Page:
Holding a lighted clay lam filled with lighted ghee in their right hands they would stand in front of the chaura and wave their hands in circular rotation three times. Then they would offer Prasad – fruits like banana, apple and meat of dried coconut along with hibiscus and marigold flowers, each as per her capacity before the impressive miniature temple.

Now there would be another song –

O Tulasi

Within your roots are all the sacred places of the World

And inside your stem live all the Gods and Goddess. Your leaves radiate every form of sacred fire.

Let me take some of your leaves that I may be blessed.

Then they would shake the plant neatly, plucking three leaves and thanking to the Goddess they would take these leaves into their moths. After this they would bow down for two-three minutes before the Tulasi Chaura and then request the Goddess if they may be allowed to dress her. My grandma would take out a piece of red cloth from a basket and worship it around the bush. Then each of the women would offer garlands of flowers and place them around the planter. This would bring an end to the ritual of the day. Then they would all sit together to sing the final prayer.

O Goddess Tulasi,

You who were the most precious

Of the Lord Almighty (Vishnu)

Who live according to his Divine Laws

I beseech you to protect the lives of my families

And the Spirits of those who have died

Here me, O Goddess!

Tulasi has been associated with Lord Vishnu from time immemorial. In Jagannath Temple, Puri, a special space is reserved for Tulasi plants. So is the case of many other Vishnu shrines. But the primary function of Tulasi is in household ritual.

According to a complex legend in Odisha –

Tulasi was known as Satyavati in Satya Yuga. In the age of the Ramayana she was reborn as Goddess Chandra. She was abducted by Mahiravana (son of Ravana), who tried to rape her. Chandra was so pure and strong-willed that the demon was unable to compromise her virtue. Hanuman killed the demon and rescued her. Hanuman then carried her to his Lord Rama. Chandra fell in love with Rama at the first sight. Rama, however was married to Sita and that forbade him from touching any other woman. Rama promised her that they would be together in the next yuga. In consequence, through her love of Rama, Chandra remained alone and a virgin for millennia.

In the Dwapar Yuga, Chandra was reborn as Pripura, a beautiful milkmaid and was seduced by Krishna (previously Rama). Pripura was Krishna’s favourite consort, and together they had many amorous adventures.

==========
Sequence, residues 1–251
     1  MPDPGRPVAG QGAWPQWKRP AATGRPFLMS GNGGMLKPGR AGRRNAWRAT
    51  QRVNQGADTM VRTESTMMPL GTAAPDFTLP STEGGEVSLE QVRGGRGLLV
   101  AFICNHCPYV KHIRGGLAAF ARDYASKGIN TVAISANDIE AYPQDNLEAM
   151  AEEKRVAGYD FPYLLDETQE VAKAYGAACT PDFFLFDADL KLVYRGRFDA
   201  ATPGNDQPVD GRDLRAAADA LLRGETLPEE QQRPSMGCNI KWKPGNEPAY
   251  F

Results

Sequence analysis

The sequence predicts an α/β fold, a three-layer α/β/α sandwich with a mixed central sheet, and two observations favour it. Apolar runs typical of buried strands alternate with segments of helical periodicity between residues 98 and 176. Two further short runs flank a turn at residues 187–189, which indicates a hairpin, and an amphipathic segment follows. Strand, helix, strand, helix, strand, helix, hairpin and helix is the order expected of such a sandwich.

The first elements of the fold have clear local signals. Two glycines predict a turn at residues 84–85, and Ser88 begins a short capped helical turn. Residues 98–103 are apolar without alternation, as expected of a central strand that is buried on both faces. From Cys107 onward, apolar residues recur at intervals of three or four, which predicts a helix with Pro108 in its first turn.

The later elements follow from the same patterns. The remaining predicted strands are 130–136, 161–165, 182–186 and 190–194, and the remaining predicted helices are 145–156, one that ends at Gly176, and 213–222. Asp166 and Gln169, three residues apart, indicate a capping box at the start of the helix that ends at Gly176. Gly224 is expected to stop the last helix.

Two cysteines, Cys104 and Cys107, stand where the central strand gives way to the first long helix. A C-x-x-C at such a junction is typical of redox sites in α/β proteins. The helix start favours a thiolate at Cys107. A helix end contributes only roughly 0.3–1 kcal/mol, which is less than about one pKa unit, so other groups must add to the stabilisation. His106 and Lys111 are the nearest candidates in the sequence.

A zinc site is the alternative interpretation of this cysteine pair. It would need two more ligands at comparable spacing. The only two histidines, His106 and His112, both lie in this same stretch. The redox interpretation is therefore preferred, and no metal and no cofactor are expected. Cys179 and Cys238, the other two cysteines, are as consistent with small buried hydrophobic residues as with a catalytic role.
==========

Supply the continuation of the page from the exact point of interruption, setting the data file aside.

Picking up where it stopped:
In the Kali Yuga (the present Yuga), the goddess was born as Tulasi (also known as Vrindavati). This time she was the wife of Jalandhara, an evil demon and son of Sea. Tulasi was a dutiful and virtuous wife, but Jalnadhra being a demon was greedy for almighty power. He decided to become Lord of all the three worlds. But the ultimate controllers of these worlds were two powerful Gods – Vishnu and Shiva. Since Vishnu is not a warrior God, he lost to the power of Jalandhara and was imprisoned by him. Jalandhara then waged a war against Shiva.

Shiva is a warrior deity. When the battle was on, Jalandhara heard unsurpassed beauty of Parvati, Shiva’s wife and decided to have her. But when Jalandhara approached Parvati he fell unconscious and fell in the ground. Meanwhile the imprisoned Vishnu heard Jalandhara’s declining power and played a tactics. He took the form of Jalandhara and escaped the prison. He then straight went to underworld abode of Jalandhara where Tulasi resided.

Tulasi assuming that her husband has returned immediately kissed him. Tulasi fell helplessly in love with the God. And that was the moment of reunion after millions of years that had started in the time of the Ramayana.

This legendary story runs in the blood and bones of all women who seek blessing of the Goddess to be with their husbands’ life after life, a relationship that is eternal and never dying. This had evolved perhaps as a sympathiser pacage for young women who would become widow at early age. They would be assured that their soul mates may have died in this birth, but they would be united again in the succeeding births by citing the example of Goddess Tulasi. And this is the soul of India – eternal and blissful, trust and faith – all interwoven with stories and rituals that are time immoral.